In 1893, an acclaimed Atlanta poet built a fashionable wood home in the Atlanta Suburban Land Company’s East End subdivision. The two-story vernacular Victorian gable-front home with turned porch posts and spindlework stands out among its one-story cottage neighbors in Decatur, Ga.’s, Oakhurst neighborhood.
Tom King and several other preservation colleagues drafted a letter to Sally Jewell, the new Secretary of the Interior. The letter asks Secretary Jewell to revamp the federal historic preservation process:
We urge you to conduct a full review of the national historic preservation program with the aim of bringing it back to the intent of its founders, as that intent relates to the imperatives of the twenty-first century. We would be pleased to do whatever we can to assist in such an enterprise.
Tom asked me to sign the letter along with other practicing heritage preservation professionals and a batch of students poised to begin their careers in a regulatory system that has gone astray from its founding principles. The letter is embedded below. Continue reading
Probably not. But this is the best one I’ve read in a while.
Wills and other probate instruments are pretty ordinary, almost formulaic, documents. Most of the time. I recently came across a will filed in 1942 in Decatur, Georgia, that deviated from the routine. The author made the usual requests that his affairs be settled and his wife administer his estate. And then he got to the part where he directed his heirs to deal with his remains:
THIRD - I direct my remains to be clothed in plain apparel at a minimum cost and conveyed in as inexpensive coffin, casket, or receptacle as possible and cremated in Macon, Georgia, and my ashes returned, in a durable container, to my wife ….
FOURTH - I nominate my friends …. to elect one from their number to accompany my remains to the place of incineration and return with my ashes.
FIFTH - I direct my wife to pay the expenses for the disposal of my remains according to the foregoing prescribed manner, including the fare and transportation of one that attends my remains and returns with my ashes, but nothing for funeral services.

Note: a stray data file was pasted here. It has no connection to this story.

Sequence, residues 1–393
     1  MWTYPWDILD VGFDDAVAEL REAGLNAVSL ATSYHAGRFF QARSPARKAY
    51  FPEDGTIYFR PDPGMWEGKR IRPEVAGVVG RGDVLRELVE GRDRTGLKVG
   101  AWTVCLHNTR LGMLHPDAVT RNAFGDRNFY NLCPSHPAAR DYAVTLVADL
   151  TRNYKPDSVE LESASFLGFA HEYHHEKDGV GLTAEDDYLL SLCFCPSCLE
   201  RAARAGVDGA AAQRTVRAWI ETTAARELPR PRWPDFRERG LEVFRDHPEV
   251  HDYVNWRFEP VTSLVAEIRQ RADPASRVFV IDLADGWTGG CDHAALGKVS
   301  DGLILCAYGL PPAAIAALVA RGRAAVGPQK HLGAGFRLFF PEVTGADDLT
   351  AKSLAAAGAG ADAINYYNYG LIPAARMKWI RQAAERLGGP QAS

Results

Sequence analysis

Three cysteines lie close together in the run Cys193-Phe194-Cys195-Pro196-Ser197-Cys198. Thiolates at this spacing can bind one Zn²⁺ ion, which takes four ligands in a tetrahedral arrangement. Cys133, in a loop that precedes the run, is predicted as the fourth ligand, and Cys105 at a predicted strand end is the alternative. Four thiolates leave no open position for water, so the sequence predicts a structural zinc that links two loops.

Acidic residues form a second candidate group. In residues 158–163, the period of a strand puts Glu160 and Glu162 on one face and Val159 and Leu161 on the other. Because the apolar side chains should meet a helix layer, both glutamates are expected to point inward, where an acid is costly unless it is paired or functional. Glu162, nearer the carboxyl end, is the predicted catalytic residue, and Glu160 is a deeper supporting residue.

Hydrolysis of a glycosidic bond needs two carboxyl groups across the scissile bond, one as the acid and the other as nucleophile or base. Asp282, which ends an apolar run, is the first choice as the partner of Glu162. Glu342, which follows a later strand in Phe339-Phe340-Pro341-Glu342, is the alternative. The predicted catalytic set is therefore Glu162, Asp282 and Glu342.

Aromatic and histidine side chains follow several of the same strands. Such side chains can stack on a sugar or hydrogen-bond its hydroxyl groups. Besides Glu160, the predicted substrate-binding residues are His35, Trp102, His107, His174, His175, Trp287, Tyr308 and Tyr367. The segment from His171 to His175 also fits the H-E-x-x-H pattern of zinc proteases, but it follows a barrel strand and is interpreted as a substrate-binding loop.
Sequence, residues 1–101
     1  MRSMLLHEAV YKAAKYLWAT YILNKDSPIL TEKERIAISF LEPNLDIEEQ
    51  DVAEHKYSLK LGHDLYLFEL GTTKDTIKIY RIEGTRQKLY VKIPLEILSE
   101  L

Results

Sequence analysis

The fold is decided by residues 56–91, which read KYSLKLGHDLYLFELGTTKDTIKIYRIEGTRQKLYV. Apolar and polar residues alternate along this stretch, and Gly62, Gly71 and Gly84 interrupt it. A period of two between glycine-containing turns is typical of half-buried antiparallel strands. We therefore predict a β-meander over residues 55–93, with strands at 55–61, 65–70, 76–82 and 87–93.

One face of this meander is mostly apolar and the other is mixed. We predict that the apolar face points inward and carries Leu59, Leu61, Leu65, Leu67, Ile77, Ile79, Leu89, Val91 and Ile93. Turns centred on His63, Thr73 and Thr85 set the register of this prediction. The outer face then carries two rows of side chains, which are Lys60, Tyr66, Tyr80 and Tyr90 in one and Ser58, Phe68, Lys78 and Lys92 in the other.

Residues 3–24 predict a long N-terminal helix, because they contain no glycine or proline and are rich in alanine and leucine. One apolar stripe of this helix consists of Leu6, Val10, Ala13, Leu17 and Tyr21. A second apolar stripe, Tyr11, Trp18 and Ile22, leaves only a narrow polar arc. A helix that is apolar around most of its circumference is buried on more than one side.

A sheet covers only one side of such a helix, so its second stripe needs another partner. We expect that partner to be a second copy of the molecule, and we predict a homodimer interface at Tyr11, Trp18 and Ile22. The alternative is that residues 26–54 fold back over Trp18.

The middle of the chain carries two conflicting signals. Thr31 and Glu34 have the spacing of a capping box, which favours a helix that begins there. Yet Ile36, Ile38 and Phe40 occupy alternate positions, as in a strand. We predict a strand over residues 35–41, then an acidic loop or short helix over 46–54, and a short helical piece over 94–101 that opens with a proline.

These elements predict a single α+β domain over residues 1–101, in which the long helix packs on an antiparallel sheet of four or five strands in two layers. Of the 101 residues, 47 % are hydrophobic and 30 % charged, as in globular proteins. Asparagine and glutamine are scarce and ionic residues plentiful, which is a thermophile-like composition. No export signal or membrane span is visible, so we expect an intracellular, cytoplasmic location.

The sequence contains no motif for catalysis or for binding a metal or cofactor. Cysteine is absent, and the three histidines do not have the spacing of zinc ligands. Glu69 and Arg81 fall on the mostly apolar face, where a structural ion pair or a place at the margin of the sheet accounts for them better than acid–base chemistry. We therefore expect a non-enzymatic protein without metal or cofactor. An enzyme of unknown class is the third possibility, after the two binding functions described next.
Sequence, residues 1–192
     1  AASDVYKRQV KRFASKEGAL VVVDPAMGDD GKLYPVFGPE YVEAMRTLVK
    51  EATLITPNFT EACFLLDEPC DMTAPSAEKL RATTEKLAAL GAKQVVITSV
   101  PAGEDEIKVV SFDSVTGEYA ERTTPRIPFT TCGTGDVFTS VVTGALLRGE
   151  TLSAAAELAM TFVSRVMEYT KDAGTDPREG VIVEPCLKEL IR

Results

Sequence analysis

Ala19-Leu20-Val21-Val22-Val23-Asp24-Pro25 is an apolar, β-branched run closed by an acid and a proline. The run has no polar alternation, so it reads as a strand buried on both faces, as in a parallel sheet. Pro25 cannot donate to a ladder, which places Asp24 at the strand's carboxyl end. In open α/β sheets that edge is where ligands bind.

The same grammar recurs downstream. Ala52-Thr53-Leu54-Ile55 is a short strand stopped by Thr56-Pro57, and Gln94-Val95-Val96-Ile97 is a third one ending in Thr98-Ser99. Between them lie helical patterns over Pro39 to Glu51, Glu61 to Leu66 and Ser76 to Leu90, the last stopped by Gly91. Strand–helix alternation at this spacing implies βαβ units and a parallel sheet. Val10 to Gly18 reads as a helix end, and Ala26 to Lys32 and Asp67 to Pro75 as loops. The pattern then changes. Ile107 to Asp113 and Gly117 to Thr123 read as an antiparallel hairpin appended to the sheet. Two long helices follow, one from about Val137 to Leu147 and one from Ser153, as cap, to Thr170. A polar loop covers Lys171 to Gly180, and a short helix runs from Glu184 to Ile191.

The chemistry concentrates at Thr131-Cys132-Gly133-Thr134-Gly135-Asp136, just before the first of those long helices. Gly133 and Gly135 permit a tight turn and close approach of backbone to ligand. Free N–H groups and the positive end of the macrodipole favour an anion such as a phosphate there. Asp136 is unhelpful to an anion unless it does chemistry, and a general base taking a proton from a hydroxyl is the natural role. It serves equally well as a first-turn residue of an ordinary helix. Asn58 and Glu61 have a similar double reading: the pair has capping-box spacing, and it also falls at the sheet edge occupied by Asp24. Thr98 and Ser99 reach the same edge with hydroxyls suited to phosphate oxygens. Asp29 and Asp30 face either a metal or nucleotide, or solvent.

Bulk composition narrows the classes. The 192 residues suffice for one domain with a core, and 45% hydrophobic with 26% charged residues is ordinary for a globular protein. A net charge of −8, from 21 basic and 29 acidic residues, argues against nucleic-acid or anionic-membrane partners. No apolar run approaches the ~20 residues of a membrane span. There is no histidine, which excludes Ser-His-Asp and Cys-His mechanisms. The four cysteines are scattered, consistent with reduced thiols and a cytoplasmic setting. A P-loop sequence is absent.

SIXTH - I request that my remains be disposed of without embalment if it can be done satisfactorily to all concerned.
SEVENTH - I shall die as I have lived, believing in the God of nature only, discarding the fairy tales of the Bible as nonsense, which have added many burdens of mental anguish to millions of people departing this life, who were never permitted to think rationally for themselves; hence I earnestly request that no preacher, priest or clergyman officiate at my funeral. I shall go the way of all life without fear of eternal punishment.
© 2013 D.S. Rotenstein
Since 1970, the State and Tribal Historic Preservation Offices have received up to $46.9 million in annual matching grants through the Historic Preservation Fund (HPF) to assist in expanding and accelerating their historic preservation activities.
Funding is used to pay part of the costs of staff salaries, surveys, comprehensive preservation studies, National Register nominations, educational materials, as well as architectural plans, historic structure reports, and engineering studies necessary to preserve historic properties.
The All HPF-assisted activities must meet standards set by the Secretary of the Interior, and at least 10 percent of the allocations to the States are subgranted to assist Certified Local Governments for locally based activities. – National Park Service
In 2010 Decatur, Ga., received a $10,000 Historic Preservation Fund grant for historic preservation-related planning studies at the city’s former equalization schools, Beacon Elementary and Trinity High. The previous year, the City’s historic preservation consultants completed a citywide comprehensive historic resources survey and failed to mention the African American historic site (the survey did, however, include an inventory form for a building at 109 Waters Street with this note: “Number on building is 420 W Trinity, the police station”). Continue reading
There’s more to rural Frederick County, Maryland, than Camp David. Nearby, there were other twentieth century resorts that housed people of lesser means than U.S. presidents.